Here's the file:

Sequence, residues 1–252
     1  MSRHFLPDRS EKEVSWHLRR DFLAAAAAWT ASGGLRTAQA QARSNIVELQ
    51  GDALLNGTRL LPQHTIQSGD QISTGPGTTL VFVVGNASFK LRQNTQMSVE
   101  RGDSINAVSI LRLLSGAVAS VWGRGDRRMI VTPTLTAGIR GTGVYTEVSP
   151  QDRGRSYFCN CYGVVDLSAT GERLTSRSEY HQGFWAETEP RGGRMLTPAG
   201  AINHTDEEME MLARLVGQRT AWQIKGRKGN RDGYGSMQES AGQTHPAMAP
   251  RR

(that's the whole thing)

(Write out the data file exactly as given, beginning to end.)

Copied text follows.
Sequence, residues 1–252
     1  MSRHFLPDRS EKEVSWHLRR DFLAAAAAWT ASGGLRTAQA QARSNIVELQ
    51  GDALLNGTRL LPQHTIQSGD QISTGPGTTL VFVVGNASFK LRQNTQMSVE
   101  RGDSINAVSI LRLLSGAVAS VWGRGDRRMI VTPTLTAGIR GTGVYTEVSP
   151  QDRGRSYFCN CYGVVDLSAT GERLTSRSEY HQGFWAETEP RGGRMLTPAG
   201  AINHTDEEME MLARLVGQRT AWQIKGRKGN RDGYGSMQES AGQTHPAMAP
   251  RR